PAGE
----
Bell of King Seongdeok
|Bell of King Seongdeok|
|Revised Romanization||Seongdeok Daewang Sinjong, Emille jong|
|McCune–Reischauer||Sŏngdŏk Taewang Sinjong, Emille chong|
The Bell of King Seongdeok is a large bronze bell, the largest extant bell in Korea. The full Korean name means "Sacred (or Divine) Bell of King Seongdeok the Great." It was also known as the Emille Bell, after a legend about its casting, and as the Bell of Bongdeoksa Temple, where it was first housed.
The bell was commissioned by King Gyeongdeok to honor his father, King Seongdeok. However, King Gyeongdeok never lived to see the casting of the bell, as he died in 765 A.D. The bell was finally cast in 771 A.D., during the reign of Gyeongdeok's son, King Hyegong.
Now stored in the National Museum of Gyeongju, the bell was designated as the 29th national treasure of Korea on December 12, 1962. It measures 3.75 meters (12.3 ft) high, 2.27 meters (7.4 ft) in diameter at the lip, and 12 to 25 centimeters (4.7 to 9.8 in) in wall thickness. The Gyeongju National Museum weighed it in 1997, and found that its weight was 18.9 tons.
The bell is considered a masterpiece of Unified Silla art. It is unique among Korean bronze bells because of the presence of a small hollow tube near the hook. The whole structure, including its decorative elements, produces a wide range of sound frequencies; the tube absorbs high frequency waves, contributing to a distinctive beat.
The hook of the bell is in the shape of a dragon's head. There are many relief patterns on the bell, including flower patterns along the rim and shoulder. There are also reliefs of lotus flowers, grass, and a pair of two apsaras (heavenly maidens). The striking point of the bell (dwangja) is also in the shape of a lotus and sits between two of the apsara reliefs. The bottom of the bell is in a rhombic shape, lending it a look unique among bells of the Orient.
The column the bell hangs on is quite firm. Even a column of the same diameter, made of a modern alloy, might bend under the weight of the bell, yet the bell still hangs on an ancient column that has lasted for several centuries.
The bell is commonly known as the Emile Bell in both Korean and English. Emile, pronounced "em-ee-leh," is an ancient Silla term for "mommy".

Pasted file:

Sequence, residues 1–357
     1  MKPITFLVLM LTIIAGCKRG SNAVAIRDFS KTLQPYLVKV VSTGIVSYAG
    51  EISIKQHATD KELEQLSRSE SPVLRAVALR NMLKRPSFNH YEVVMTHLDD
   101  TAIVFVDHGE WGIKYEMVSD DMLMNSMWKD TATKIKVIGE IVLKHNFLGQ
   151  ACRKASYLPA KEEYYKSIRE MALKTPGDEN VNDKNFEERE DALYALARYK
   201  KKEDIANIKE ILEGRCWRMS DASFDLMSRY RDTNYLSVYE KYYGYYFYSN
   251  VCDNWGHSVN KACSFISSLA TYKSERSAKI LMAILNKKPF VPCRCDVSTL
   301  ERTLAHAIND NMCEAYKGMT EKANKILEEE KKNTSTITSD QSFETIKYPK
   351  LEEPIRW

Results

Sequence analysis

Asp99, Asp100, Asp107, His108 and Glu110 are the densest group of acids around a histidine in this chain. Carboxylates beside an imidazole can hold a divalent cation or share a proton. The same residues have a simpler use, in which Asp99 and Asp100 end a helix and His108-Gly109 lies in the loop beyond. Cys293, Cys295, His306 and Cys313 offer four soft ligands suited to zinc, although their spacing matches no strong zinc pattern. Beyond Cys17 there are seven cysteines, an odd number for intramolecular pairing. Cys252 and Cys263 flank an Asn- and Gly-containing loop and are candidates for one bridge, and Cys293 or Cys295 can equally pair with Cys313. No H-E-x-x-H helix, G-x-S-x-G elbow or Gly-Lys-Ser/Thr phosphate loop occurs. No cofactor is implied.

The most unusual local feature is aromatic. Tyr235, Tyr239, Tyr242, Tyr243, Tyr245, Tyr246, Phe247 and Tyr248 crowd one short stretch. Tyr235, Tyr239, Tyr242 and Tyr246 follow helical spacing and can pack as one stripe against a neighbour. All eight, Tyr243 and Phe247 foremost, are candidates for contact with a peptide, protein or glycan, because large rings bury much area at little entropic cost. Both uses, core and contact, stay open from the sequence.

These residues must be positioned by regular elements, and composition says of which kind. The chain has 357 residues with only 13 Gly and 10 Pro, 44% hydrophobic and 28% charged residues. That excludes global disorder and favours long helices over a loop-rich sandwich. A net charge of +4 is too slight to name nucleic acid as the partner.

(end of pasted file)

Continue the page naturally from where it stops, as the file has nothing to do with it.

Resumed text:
According to legend, the first bell that was cast produced no sound when it was struck. The bell was recast many times but with no success. The king that had wanted the bell cast died after a while and his young son took over with the help of the queen. The son carried out what his father had started but still he didn't have any success. Later, a monk dreamed that if a child was cast into the metal, the bell would ring. The monk then took a child from the village and had her cast into the metal. When the bell was complete, the bell made the most beautiful sound when struck.
Some, however, believe the legend may actually be a modern invention, and that the story and name originated in the 1920s. A story that was published about the "Eomilne bell" or "Earmilne bell" (어밀네 종) may have been distorted in retelling. The most recent argument is that legend about other bell became confused with the legend of the Emile bell.
- Korea Tourism Organization. "The Divine Bell of King Seongdeok". Visit Korea. Archived from the original on 2012-03-05. Retrieved 2021-03-28.
- Kim Seock Hyun, Beat Maps of King Song-Dok Bell, Beat Map Drawing Method of Bell Type Structures and Beat Maps of the King Seong-deok Divine Bell, archived from the original on 2019-11-27[dead link]
- Kim, Seock-Hyun; Lee, Chi-Wook; Lee, Jang-Moo (March 2005). "Beat characteristics and beat maps of the King Seong-deok Divine Bell". Journal of Sound and Vibration. 281 (1–2): 21–44. doi:10.1016/j.jsv.2004.01.038.
- Yu HengJun. "Chapter 9". 나의 문화유산답사기 [My Cultural Heritage Exploration]. Book 3.
- http://cha.korea.kr/gonews/branch.do?act=detailView&type=news§ionId=co_sec_1&categoryId=&dataId=155312736[permanent dead link] (Korean), also fiction section of the '매일신보(Official newspaper of the Governor-General of Korea, published by the Japanese colonial government). One picture of the link is original text of Earmilne bell. Opponents reference Hulbert (1906, p. 326), a story about other bell in Seoul and Japanese records about 1920.
- Hulbert, Homer B. (1906). The Passing of Korea. New York: Doubleday, Page & Co. p. 326 – via Internet Archive.
- 송작생/松雀生 (1929-09-27). 오래인 벙어리 종로鍾路인경의 신세타령. 별건곤 [Byeolgeon-gun] (23). cited in 초록불 (2009-02-10). 에밀레 종의 비밀을 찾아서 [In search of the secret of the Emile Bell]. 초록불의 잡학다식 (in Korean).
- Allen, H. N. (1895). "Places of interest in Seoul" (PDF). The Korean Repository. II (5): 182–187 – via Old books about Korea online.
- Cable, E. M. (1925). "Old Korean Bells" (PDF). Transactions of the Korea Branch of the Royal Asiatic Society. XVI: 1–45 – via Old books about Korea online.
- Coulson, Constance J. D. (1910). "The Sights of Seoul". Korea. Peeps at Many Lands. London: Adam & Charles Black. pp. 56–60 – via Internet Archive.
- Elias, Frank (1911). "Korea: Places, Bells, and Dogs". The Far East: China, Korea, Japan. Peeps at Many Lands. London: A. & C. Black. pp. 98–103 – via Internet Archive.
- Hulbert, Homer B. (1901). "The Spirit of the Bell, A Korean legend" (PDF). The Korean Review. I (1) – via Old books about Korea online.
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